ECommerce has made it simpler for businesses to sell their product to a global audience. No matter where your business is located you can still market and ship your product to customers located in other countries. Operating a global commerce business is however not without its set of challenges. There are many customs, duty and marketing related issues that a business looking to go global must negotiate through in order to become successful.
Customer satisfaction depends on prompt delivery to a great extent. Global eCommerce shipments routinely get caught in customs clearances that not only impact the delivery of your product, but can also in turn ruin your customer’s experience. The financial and legal regulations surrounding cross-border eCommerce is often unique to every country you ship to and it is important for businesses to educate themselves of the various laws. For instance, a couple of years back, the Brazilian government enacted a law that mandated all imports to carry a customer tax ID on the cover. If your customer is located in Brazil, your failure to gather their tax ID and print on the package could give custom officials in Brazil the right to confiscate or destroy your package. There is no workaround this challenge except to study the regulations and abide by them.
Branding & Positioning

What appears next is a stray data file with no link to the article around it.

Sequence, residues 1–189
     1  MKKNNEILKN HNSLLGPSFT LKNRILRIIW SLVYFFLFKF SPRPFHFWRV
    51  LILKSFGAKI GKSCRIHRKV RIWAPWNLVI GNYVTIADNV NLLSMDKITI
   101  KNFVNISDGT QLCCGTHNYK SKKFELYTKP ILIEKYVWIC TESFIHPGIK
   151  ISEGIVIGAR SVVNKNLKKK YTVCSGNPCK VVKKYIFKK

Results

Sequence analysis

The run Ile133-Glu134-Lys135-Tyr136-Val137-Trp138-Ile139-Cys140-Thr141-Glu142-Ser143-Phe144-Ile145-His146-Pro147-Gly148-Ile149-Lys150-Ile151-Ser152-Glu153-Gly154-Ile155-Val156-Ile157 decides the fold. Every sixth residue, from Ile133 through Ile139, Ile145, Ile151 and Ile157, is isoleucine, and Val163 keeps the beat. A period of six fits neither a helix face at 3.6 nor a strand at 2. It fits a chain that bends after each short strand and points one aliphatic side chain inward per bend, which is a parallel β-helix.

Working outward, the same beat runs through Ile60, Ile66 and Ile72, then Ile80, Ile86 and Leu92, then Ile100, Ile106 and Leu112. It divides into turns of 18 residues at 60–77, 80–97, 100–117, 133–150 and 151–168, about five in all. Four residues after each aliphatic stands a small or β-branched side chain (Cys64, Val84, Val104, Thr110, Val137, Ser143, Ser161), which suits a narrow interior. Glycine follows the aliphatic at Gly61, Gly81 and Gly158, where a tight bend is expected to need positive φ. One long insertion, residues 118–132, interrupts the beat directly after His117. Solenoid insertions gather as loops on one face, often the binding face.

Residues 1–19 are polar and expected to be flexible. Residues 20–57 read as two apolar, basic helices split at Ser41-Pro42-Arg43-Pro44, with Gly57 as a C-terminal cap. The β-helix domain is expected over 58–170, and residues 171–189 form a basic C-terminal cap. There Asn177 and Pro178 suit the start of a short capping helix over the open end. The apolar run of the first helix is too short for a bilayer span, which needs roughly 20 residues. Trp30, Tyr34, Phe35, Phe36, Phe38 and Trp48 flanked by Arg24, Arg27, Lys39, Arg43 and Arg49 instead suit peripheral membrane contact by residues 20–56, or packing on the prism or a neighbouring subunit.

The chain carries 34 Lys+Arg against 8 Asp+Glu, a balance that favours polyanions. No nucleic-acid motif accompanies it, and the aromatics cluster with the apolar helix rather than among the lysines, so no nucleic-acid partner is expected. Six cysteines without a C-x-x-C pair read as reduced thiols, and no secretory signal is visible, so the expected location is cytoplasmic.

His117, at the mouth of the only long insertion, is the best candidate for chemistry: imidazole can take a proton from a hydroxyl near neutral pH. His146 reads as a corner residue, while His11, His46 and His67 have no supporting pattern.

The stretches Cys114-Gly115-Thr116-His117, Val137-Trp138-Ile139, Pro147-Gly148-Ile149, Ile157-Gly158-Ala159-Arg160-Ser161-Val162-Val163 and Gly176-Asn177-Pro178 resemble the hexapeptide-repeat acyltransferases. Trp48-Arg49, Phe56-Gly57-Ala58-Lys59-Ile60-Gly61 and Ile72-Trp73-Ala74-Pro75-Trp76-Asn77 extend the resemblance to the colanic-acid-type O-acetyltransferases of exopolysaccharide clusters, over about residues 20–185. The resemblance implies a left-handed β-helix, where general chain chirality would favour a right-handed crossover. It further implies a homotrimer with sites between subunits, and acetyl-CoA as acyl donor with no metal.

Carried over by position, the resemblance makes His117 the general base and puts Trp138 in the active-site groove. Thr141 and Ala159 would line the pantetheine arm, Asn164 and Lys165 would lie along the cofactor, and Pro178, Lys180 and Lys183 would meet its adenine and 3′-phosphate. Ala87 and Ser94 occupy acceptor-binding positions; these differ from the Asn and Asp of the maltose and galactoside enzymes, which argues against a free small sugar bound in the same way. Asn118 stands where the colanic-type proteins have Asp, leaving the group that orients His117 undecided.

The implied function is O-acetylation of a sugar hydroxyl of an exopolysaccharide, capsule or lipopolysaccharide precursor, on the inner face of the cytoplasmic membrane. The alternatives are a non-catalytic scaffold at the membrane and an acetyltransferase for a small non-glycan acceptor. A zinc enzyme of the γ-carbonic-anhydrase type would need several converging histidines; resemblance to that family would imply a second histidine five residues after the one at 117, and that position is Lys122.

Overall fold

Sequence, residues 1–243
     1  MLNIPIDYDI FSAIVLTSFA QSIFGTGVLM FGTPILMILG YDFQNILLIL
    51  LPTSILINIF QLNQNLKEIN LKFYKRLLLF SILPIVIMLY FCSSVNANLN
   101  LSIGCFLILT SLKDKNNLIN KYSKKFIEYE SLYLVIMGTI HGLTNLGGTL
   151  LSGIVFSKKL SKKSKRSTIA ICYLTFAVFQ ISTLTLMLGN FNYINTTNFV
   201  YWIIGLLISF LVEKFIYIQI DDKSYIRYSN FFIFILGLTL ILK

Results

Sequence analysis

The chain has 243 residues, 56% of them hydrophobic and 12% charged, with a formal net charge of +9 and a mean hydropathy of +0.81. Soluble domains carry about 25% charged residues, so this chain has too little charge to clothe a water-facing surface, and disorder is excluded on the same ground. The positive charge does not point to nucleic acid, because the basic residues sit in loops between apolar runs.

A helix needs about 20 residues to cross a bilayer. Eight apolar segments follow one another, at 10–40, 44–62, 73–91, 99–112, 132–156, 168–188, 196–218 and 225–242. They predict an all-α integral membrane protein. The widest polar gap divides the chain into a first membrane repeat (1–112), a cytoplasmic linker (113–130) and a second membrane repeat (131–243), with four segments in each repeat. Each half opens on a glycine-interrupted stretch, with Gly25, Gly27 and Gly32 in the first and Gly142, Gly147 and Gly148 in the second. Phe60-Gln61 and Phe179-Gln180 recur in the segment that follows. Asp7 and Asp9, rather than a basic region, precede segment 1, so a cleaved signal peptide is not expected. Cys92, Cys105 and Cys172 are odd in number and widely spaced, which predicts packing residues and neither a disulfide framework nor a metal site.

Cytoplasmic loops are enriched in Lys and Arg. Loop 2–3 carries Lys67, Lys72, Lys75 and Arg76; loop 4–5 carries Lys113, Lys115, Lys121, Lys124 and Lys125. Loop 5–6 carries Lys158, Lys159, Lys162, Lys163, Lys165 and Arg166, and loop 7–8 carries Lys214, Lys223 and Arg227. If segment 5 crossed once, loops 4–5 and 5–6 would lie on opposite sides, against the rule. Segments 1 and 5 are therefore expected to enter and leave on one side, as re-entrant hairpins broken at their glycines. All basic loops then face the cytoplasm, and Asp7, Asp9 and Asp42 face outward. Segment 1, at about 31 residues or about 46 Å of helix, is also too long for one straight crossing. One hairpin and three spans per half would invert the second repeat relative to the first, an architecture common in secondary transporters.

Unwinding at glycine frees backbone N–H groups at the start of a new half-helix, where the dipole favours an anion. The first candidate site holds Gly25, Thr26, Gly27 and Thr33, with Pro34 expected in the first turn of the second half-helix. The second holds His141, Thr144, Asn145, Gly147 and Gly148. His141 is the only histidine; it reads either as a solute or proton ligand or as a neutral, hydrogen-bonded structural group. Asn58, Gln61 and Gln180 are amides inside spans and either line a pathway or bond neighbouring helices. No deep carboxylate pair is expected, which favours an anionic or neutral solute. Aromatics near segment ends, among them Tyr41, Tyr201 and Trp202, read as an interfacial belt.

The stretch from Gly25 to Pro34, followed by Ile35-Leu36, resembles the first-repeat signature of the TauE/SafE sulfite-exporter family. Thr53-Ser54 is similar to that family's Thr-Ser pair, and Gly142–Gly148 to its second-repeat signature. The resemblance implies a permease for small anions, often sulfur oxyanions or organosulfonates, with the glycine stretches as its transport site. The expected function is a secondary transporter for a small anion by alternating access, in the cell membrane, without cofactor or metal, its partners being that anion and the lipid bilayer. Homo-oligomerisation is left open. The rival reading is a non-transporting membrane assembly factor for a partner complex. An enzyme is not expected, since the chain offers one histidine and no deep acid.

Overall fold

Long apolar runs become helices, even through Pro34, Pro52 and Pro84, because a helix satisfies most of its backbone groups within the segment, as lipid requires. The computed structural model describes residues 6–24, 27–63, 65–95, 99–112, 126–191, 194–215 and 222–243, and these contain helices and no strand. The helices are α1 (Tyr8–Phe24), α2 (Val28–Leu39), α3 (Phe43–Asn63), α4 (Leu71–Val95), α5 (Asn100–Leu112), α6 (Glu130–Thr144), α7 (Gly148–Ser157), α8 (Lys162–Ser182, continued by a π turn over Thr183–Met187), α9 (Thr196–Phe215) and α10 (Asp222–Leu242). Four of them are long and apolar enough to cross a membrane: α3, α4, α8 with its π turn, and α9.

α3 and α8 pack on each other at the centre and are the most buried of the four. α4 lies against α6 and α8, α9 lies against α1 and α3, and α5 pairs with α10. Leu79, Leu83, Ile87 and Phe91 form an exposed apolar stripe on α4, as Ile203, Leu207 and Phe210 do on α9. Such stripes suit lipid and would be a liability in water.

Marketing is a core component of doing business and few organizations have succeeded in building a universal brand image. Fast food chains like McDonalds create a unique brand positioning for every country they operate in. While they are marketed as cheap and quick service restaurants in the West, they are marketed as higher-end fast food restaurants in developing countries like India. Brand positioning should also take local cultural nuances into consideration. For instance, shopping festivals in the West are often centered on the winter holiday season while the Chinese new year and Single’s day drive commerce in China. It is important to study each of your markets independently and craft a unique marketing and positioning strategy for this market.
Accepting payments from customers across the world can be a challenge. While credit cards are ubiquitous in the Western world, customers in other parts of the world prefer other modes of payment. Digital wallets are a growing phenomenon in many countries of Asia and Africa while customers in many other countries prefer ‘Cash on Delivery’ due to trust factors. Besides customer preferences, there are other challenges that businesses face as well. Transaction fees on international cards are often higher and if you have an American payment gateway, chances are that your provider charges higher for transactions happening from Europe or Asia. Credit card providers too routinely flag payments made over payment gateways located outside the country. The only way to resolve this is by partnering with payment gateway providers from across the world to cater to payments made in the geography. This could however deny your business the chance to save on fee by clocking higher transaction volumes. But this is a compromise you have to make between higher transaction fee and higher market penetration.
Running a global eCommerce business offers startup entrepreneurs a fantastic opportunity to learn business practices and regulations from across the world. While this makes the learning curve steep, it does pay off well in the end. Do you have lessons to share from running a global business? Share your insights in the comments below.Digital & Social Articles on Business 2 Community